Scott Sedam, president of TrueNorth Development (, spends most of his time working in the trenches with builders, suppliers and trade contractors. His Lean Builder blog appears weekly at He welcomes your feedback at

Rebid redux — Lean Tuesday with Scott Sedam

August 30, 2011

As a dedicated practitioner of Lean process and methods, one of the more aggravating things I sometimes hear is a builder bragging about how they are obviously “Lean” because they have gone through three, five, or seven rounds of rebids. Everyone had to do rebids during the past five years of the housing recession. After all, customers have in effect rebid the builders continually. Because foreclosures and short-sales still make up a significant part of the market, that means that the rebidding from the consumer end continues.

But rebids address only one piece of the total cost equation – bid price. As stated in the June PB article, “10 Elements of a Total Cost Model,” “The only thing that purchasing on low bid price alone guarantees is that you will never operate by lowest total cost.”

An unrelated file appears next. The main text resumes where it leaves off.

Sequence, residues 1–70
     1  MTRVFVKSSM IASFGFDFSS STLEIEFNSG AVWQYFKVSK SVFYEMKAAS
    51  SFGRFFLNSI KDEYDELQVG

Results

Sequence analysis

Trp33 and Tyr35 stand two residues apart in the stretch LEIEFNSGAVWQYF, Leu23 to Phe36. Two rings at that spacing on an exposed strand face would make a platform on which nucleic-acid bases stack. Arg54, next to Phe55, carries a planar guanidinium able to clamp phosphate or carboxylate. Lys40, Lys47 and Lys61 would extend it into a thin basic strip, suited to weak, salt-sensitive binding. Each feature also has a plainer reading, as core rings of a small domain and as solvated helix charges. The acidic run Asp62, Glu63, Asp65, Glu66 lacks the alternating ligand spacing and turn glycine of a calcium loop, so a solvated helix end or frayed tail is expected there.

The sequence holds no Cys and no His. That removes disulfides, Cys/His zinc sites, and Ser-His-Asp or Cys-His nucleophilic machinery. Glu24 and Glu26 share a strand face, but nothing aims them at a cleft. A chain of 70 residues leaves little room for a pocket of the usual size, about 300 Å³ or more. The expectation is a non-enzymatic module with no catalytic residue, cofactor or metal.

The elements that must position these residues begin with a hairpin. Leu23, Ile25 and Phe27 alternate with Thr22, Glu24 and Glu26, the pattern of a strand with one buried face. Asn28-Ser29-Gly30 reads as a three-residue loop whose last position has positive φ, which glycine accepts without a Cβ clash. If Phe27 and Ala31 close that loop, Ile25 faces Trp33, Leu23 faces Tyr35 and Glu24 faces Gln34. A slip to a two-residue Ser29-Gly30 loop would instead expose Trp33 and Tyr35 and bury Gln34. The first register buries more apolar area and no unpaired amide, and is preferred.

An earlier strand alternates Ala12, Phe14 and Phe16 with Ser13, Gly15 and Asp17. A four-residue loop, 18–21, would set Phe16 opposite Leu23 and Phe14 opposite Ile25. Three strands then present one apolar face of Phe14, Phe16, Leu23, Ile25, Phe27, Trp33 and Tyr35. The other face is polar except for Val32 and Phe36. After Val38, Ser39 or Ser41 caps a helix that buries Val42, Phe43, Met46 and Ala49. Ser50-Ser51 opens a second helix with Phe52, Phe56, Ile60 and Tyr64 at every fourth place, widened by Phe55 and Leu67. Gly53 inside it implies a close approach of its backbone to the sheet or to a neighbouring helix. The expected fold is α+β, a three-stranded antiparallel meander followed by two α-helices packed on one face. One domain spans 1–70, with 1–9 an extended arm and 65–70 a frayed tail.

There are nine other factors to consider in choosing a supplier or trade contractor, the costs of which can easily exceed what you initially gained in the rebid. Here is the summary from that article:

  1. Bid price
  2. Capability and capacity
  3. Schedule and delivery
  4. Safety
  5. Communication
  6. Participation in product development
  7. Process integration
  8. Quality
  9. Pre-close rework
  10. Post-close warranty

You tell me. Just how many of these cost factors are addressed in a rebid? At this point in the housing recession, a rebid is not Lean and in fact, obstructs Lean process. When you ask a framer or a plumber or a supplier of roofing material to rebid, you ask him to reduce his sales price, thus his margin, on the same labor and/or material that he provides today. That does not improve product or process. Lean, on the other hand, cries out, “LET’S DO SOMETHING DIFFERENT.” Let’s find a better way to build it, to schedule it, to ship it, to use a different material, to remove a step, to do more with less, to save a trip, to save a day, etc. etc. and in doing so, reduce cost for everyone. It’s harder than a rebid and takes a lot of thought, but it’s far more rewarding. The idea of Lean as merely “Rebid Redux” is another mistaken notion – just one of the 10 that are addressed in my upcoming September article in Professional Builder, “Busted! The 10 biggest myths in Lean Building.”

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